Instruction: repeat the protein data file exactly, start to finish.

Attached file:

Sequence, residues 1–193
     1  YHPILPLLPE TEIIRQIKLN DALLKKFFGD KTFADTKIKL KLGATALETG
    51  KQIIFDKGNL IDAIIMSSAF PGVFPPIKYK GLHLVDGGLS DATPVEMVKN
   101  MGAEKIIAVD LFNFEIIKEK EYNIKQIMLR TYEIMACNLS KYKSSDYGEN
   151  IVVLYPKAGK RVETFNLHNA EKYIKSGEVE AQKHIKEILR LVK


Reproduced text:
Sequence, residues 1–193
     1  YHPILPLLPE TEIIRQIKLN DALLKKFFGD KTFADTKIKL KLGATALETG
    51  KQIIFDKGNL IDAIIMSSAF PGVFPPIKYK GLHLVDGGLS DATPVEMVKN
   101  MGAEKIIAVD LFNFEIIKEK EYNIKQIMLR TYEIMACNLS KYKSSDYGEN
   151  IVVLYPKAGK RVETFNLHNA EKYIKSGEVE AQKHIKEILR LVK